Positioned as a rear-drive alternative to BMW’s 3 and 4 Series, as well as other German competitors, the long-to-arrive Giulia’s American success is far from guaranteed, though its broad price range leaves plenty of room for new customers enticed by its Italian flair.
Alfa’s plan to cement its U.S. return includes launching nine new models over the next five years. According to one report, the next model coming down the pipe is a no-brainer. (Read More…)
FCA and Ferrari boss Sergio Marchionne said that he would love to see Alfa Romeo returning to the Formula 1 Championship with its own team, provided that they are never, ever as good as Scuderia Ferrari. Instead of being a genuine F1 contender, he imagines Alfa as the junior varsity team designed to condition future talent for its big-league brother.
“Alfa Romeo in F1 could become a fine breeding ground for young Italian drivers,” Marchionne said after announcing GP2’s Antonio Giovinazzi as Ferrari’s new third driver at the company’s annual Christmas media event. “For that very reason we are thinking about bringing it back, as our competitor, to racing, to Formula One. It’s important for Alfa to return.” (Read More…)
Alfa Romeo claimed the Giulia would start under $40,000, and the automaker has kept its promise.
It may be time to start getting cautiously optimistic about Alfa’s comeback, especially considering what the sedan offers for the money and where this price point places it in the market. (Read More…)
Though it may seem hard to believe, we’re only a month away from celebrating the 50th anniversary of the start of the Wedge Era in automotive designs.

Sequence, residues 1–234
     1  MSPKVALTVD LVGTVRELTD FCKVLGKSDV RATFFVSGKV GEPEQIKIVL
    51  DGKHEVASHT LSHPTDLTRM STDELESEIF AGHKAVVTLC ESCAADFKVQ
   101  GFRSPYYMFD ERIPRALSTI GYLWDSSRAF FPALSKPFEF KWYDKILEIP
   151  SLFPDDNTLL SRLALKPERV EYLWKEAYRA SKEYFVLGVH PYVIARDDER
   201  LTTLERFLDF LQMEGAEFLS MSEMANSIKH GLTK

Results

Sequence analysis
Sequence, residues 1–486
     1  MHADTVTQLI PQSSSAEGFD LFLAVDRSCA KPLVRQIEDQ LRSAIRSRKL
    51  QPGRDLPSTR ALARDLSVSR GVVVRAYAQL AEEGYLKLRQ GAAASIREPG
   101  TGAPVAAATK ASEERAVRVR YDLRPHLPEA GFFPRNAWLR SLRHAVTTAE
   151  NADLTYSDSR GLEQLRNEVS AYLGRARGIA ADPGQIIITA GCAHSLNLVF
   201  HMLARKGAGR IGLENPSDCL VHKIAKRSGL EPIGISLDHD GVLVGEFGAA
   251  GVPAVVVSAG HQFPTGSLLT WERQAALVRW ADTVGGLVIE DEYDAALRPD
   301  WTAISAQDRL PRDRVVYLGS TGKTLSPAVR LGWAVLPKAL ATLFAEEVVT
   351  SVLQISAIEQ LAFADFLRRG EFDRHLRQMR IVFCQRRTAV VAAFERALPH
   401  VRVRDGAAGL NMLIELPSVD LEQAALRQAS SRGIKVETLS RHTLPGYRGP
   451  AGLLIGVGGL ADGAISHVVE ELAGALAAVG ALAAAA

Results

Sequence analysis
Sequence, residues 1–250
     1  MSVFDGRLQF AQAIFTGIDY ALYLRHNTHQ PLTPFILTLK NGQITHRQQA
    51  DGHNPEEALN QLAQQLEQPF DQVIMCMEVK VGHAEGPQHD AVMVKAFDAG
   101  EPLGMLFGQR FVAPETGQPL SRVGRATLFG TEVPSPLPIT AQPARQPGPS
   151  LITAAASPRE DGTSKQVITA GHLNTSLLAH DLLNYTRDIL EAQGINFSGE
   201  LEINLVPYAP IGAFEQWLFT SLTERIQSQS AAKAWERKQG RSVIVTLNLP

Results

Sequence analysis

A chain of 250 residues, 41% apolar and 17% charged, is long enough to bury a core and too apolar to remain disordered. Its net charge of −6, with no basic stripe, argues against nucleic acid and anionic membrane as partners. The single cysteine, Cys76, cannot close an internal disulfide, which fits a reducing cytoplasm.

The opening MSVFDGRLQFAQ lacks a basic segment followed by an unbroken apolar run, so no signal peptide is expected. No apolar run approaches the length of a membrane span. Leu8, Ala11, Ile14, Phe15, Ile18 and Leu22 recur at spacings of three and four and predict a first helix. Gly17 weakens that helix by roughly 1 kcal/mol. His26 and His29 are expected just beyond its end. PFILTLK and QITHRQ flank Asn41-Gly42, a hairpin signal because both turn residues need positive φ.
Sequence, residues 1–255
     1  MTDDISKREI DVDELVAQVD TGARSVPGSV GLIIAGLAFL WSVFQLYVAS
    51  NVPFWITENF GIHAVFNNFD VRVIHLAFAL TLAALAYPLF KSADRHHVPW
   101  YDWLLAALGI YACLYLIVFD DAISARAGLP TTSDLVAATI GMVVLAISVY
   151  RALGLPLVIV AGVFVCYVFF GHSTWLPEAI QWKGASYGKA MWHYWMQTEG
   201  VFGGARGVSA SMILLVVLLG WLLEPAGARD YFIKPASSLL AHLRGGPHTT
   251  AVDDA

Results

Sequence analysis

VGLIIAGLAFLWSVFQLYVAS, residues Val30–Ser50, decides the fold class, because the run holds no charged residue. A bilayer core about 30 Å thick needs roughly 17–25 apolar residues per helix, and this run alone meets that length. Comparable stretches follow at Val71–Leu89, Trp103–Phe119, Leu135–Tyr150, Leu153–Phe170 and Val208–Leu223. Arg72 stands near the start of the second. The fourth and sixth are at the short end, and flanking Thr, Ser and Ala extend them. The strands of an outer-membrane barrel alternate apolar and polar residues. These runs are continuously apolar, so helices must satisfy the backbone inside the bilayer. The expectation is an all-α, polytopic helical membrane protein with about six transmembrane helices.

To those of us who still think of the Countach as a sharp enough design to be considered cutting edge, this is a sad reality. Yet the prototype of what would become the 1980s poster child was first shown in a hard-to-conceptualize 1971.
The influence of the angle extended far beyond the Countach in the 1980s. It also started before the scissored doors opened on the stand in Geneva in 1971 and was seen in many more marques than just those wearing the Raging Bull. Even more impressive than its age is the reach of these designs, some of which are still being refined today. So, let’s take a look at some of the interesting and influential doorstop shapes and where they later found a home.
Our annual feast of dead bird, fine pigskin, family arguments, cheap electronics, and roughly 200 (of 600) good episodes of The Simpsons is upon us. And once again, we take a glimpse into the wild world of classic car auctions, sure to be another magnificent family tradition.
Due to the holiday weekend here in the States, this week we look east to Milan for RM Sotheby’s Duemila Ruote 2016, an auction featuring over 400 collectibles — all at no reserve. I loved looking through this catalog. The exotics are awesome, of course, but the relatively pedestrian cars that we just don’t see here are what catch my eye.